Fifty Years Ago: 'God Speed, John Glenn'
While initially it continued to use mechanical gauges in the cockpit, it had multiple redundant digital computers, though initially using old-style magnetic-core memory from the sixties, which was viewed to be radiation resistant and would work even with a power loss. Later, glass display screens were put in the cockpit in upgrades. In the place of limited-life batteries, it had fuel cells, whose byproduct was potable water.
In terms of life support, the Shuttle had thermal control and fans in the cabin, and didn’t need to do a “rotisserie” maneuver (a continuous slow roll in the sunlight) to keep the heat on the spacecraft even, as Apollo did on the way to and from the moon. It had a toilet (though it was notoriously unreliable) and a shower. Its heat shield was reusable (though high maintenance) and unlike Apollo and earlier vehicles, which sustained a brutal six to seven gravities of acceleration on entry, it never exceeded three gravities on either ascent or descent. Instead of splashing down in the ocean and bobbing around, it landed on a runway.
But with the retirement of the Shuttle last summer, what will the future hold for Americans in orbit?
There are at least four spacecraft under development to get humans to orbit: NASA’s Orion, SpaceX’s Dragon, Boeing’s CST-100 -- all capsules, like those of the sixties -- and Sierra Nevada’s Dreamchaser space plane. All will be larger than Apollo was, at least in terms of how many passengers they can carry, with plans for up to seven, though with much less volume than the Shuttle cabin. But then, none of them, other than Orion (and Dragon), are planned for extended duration, and in that mission mode they will carry fewer people. Unlike the Shuttle, the primary purpose of the private vehicles is to quickly get people to existing orbital facilities, whether the International Space Station or new ones being built by, among others, Bigelow Aerospace. So comfort isn’t as much of an issue. Dragon and Orion are planned for longer-duration missions, and will have solar panels for power. Orion will have toilet and shower facilities, and in some concepts even a galley. All will have state-of-the-art computers and displays, and life-support systems.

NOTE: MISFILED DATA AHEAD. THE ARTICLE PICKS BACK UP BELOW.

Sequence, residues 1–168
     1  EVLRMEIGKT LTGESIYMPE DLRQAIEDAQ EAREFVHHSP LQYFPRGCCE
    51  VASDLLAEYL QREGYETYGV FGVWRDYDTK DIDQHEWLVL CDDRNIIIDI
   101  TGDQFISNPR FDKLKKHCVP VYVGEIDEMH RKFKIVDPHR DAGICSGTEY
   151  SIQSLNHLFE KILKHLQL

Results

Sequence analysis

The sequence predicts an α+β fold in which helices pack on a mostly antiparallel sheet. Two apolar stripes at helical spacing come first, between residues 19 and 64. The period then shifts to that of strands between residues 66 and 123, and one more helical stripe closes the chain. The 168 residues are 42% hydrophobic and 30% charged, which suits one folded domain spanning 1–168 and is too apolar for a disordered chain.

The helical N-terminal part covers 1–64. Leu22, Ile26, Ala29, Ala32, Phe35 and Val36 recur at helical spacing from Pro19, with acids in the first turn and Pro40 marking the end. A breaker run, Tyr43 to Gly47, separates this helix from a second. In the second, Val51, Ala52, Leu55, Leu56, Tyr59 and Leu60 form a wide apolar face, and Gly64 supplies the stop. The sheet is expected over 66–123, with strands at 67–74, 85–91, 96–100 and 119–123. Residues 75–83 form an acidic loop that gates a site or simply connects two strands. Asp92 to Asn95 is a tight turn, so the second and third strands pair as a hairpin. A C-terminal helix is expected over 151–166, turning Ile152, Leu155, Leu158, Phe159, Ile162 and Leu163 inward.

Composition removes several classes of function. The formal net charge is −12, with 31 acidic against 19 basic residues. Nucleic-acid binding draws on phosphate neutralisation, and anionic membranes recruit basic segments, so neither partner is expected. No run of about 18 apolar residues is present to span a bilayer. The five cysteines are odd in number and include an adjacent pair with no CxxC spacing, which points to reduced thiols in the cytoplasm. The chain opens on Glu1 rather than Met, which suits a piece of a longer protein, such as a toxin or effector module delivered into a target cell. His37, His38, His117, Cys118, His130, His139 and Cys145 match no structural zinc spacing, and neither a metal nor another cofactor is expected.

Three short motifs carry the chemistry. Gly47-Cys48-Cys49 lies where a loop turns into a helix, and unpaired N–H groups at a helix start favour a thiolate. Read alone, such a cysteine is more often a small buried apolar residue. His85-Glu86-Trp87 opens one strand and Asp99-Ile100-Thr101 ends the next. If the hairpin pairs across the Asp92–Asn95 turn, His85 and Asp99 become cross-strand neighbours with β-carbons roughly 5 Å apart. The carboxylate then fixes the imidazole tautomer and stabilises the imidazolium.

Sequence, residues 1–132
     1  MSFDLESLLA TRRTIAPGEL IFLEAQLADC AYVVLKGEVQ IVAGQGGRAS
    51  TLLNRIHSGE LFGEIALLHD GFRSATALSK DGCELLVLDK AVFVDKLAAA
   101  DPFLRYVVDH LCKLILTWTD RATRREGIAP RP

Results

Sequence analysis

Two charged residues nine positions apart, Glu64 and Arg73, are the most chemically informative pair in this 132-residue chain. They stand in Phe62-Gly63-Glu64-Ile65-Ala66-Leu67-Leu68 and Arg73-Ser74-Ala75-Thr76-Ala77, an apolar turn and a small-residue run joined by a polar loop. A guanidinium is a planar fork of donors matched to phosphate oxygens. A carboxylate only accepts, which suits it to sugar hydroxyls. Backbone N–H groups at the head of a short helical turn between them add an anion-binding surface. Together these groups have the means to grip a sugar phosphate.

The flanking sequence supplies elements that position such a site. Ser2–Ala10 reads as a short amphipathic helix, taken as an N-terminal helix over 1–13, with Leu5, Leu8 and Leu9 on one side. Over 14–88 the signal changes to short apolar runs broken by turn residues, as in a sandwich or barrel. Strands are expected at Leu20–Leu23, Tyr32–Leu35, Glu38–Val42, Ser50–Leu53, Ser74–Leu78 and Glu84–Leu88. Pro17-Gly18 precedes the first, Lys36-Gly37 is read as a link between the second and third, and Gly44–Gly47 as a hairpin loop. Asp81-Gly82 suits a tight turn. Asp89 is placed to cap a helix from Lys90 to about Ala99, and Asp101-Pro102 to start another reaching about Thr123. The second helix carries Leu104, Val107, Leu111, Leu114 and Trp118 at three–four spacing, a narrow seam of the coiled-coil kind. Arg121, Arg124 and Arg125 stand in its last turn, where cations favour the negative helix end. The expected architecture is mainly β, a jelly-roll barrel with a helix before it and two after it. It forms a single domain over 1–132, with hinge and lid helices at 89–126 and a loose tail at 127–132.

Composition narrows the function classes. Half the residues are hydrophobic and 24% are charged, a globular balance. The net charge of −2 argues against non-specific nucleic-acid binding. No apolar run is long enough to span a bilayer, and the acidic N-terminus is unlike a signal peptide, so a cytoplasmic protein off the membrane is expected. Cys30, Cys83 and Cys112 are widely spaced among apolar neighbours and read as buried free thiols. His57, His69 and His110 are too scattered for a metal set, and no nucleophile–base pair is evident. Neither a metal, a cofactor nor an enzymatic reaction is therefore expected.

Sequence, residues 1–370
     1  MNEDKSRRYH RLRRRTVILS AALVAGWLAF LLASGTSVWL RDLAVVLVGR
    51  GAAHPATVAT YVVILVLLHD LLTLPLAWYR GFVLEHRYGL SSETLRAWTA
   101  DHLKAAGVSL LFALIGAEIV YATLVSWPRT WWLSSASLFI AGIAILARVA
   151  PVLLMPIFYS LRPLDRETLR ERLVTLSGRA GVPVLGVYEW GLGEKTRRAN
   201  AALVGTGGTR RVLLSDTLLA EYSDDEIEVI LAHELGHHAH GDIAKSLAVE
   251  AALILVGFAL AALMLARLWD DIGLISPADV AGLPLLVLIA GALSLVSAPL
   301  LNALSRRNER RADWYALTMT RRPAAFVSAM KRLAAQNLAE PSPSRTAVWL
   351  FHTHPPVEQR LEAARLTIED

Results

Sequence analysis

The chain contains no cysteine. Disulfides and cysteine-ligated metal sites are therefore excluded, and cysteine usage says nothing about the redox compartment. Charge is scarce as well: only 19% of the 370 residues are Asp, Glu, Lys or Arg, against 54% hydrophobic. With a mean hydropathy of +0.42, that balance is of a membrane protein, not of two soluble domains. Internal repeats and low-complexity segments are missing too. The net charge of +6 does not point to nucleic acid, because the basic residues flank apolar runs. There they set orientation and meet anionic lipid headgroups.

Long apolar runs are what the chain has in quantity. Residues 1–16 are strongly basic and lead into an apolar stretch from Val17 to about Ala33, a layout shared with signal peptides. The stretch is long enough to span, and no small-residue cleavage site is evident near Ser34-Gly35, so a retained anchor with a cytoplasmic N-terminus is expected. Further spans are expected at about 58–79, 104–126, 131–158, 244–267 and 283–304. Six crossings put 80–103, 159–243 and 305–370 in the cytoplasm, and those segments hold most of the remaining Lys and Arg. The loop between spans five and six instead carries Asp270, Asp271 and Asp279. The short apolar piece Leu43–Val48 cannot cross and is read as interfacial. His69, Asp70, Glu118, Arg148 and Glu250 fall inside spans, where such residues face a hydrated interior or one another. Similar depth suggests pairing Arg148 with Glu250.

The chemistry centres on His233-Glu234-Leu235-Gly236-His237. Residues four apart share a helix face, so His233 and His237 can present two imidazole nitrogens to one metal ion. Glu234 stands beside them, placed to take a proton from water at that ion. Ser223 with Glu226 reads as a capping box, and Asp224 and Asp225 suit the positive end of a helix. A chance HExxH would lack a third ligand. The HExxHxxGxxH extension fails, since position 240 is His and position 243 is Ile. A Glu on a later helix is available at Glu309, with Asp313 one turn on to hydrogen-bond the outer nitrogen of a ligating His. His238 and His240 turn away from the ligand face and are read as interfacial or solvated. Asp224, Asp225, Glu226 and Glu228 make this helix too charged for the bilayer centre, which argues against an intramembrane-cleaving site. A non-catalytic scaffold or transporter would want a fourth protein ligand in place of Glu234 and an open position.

But in some ways, it will be a step backwards to the sixties. Orion is still planned to land in the water, like Apollo, and this is the initial mode for Dragon recovery as well, though the company plans to eventually be able to land it vertically on rockets. But Boeing’s system will land on the ground, using airbags, and the Dreamchaser will come in on a runway, like the Shuttle did. Gravity levels on descent will exceed the three gees of the Shuttle.
But the most important difference between human spaceflight then, and now, is that back then sending a man into space, however crudely, was viewed as something that only the government of a superpower could do. Unfortunately, as we’ve seen with the recent push back from some in the space community against the new commercial providers, that mindset often remains firmly in place. But to anyone closely following the industry, it is clearly no longer true. Half a century after the first harrowing orbital flight of a brave Marine test pilot, we are on the verge of a new era of competition with multiple private providers, in which flights into space are truly routine, relatively safe, and affordable to large numbers of people, with comfortable destinations. Space is finally becoming a place, rather than a program, thanks in part to pioneers like John Glenn.